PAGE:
People are always saying you should “think outside the box”. Which aside from the fact that it feels as tired a saying as “let me unpack this for you”, or “the optics are bad”, the overuse of these metaphors are unimaginative, and imagination is the very reason we are implored to leave that corrugated cardboard vessel in the first place.
I am not living in a box, though the developer left the space decidedly without detail. I did read in some design magazine about a group of architects that got edgy when they conceived of a home erected from storage containers, one stacked atop another. If the box requires a rebar ladder to climb into bed at the end of a long day, it’s not for me. The trouble with thinking broadly, differently, expansively, is that despite all the proclamations cast about in pursuit of a panoply of possibilities, people largely want something on the fringe. They don’t for instance want you to place you bed in the middle of the living room next to the kitchen island because that room has better light, or less light, or its proximity to the coffee machine suits your morning routine. The bed belongs in the bedroom, the sofa and chairs in the space designated for living. In keeping with the box analogy, it might be best to just pop open the flap and let some fresh air and light in to shift your perspective.
That is precisely what I am trying to do with my new condo. It’s an inelegant process that can find me disassembling the components of the sectional sofa and dragging them around the living room to try out different layouts. None of them have been satisfactory to date. I’ve tried snuggled up close to the fireplace for intimacy. Pushed back against the wall in the L-Shaped nook that looks like it was made for a sectional, but that I want desperately to place a custom-made banquette and circular Regency dining table. Aside from the fact that the chaise is oriented on the right side instead of the left, if all feels wrong.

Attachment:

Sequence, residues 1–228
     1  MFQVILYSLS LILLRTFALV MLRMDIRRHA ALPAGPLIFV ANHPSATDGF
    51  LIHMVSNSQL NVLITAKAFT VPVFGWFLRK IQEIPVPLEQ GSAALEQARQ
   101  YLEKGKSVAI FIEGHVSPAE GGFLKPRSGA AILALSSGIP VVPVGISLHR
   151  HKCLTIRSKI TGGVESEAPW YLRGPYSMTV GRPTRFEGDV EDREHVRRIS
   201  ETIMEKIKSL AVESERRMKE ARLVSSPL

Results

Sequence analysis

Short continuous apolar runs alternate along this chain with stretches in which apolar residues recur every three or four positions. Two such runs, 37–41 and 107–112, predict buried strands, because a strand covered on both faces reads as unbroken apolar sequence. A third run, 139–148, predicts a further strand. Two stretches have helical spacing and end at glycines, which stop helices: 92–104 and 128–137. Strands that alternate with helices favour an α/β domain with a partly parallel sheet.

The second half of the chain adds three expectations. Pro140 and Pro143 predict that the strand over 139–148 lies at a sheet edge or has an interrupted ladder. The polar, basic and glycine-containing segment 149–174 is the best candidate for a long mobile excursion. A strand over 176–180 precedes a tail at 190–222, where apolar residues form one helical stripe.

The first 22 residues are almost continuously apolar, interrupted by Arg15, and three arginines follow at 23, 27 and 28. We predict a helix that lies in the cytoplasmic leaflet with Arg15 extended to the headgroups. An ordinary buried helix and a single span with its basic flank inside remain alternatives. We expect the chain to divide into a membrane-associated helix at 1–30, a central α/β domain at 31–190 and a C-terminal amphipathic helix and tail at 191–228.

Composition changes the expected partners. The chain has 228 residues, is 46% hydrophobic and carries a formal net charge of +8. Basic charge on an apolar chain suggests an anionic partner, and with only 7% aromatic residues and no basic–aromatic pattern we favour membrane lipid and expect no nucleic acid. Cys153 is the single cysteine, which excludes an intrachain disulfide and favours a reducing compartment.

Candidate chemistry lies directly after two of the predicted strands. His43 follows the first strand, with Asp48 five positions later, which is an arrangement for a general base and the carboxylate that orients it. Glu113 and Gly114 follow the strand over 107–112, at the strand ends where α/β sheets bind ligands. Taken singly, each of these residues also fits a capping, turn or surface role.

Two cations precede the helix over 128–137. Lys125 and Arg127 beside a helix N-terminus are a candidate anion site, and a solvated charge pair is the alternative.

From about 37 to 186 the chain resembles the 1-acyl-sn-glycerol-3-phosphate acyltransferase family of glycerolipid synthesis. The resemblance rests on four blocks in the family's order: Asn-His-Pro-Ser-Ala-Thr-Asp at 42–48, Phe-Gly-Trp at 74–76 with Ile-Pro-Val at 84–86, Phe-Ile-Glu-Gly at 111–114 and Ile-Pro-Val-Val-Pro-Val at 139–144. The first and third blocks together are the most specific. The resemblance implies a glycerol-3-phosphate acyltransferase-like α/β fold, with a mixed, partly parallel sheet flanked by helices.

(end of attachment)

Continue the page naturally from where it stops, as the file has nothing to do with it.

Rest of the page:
I’ve tried it in the bow front window, but am disturbed by the half moon gap left between it and the windows. Considered a modern crescent shaped sofa, and another that was highbacked – a diver sprung from the board beginning to form a jack-knife. None of it feels quite right. I’m going to continue to stew over the layout for a while longer, but I can’t be held responsible for having resorted to tearing out the kitchen island, stripping it of its waterfall marble, and relocating it a foot deeper into the space designated for cooking. I rarely cook in the city. It’ll be fine.
Suggestions welcome. Please feel free to open the flaps of the box wide, and provide me with a proper desk, sitting and dining area.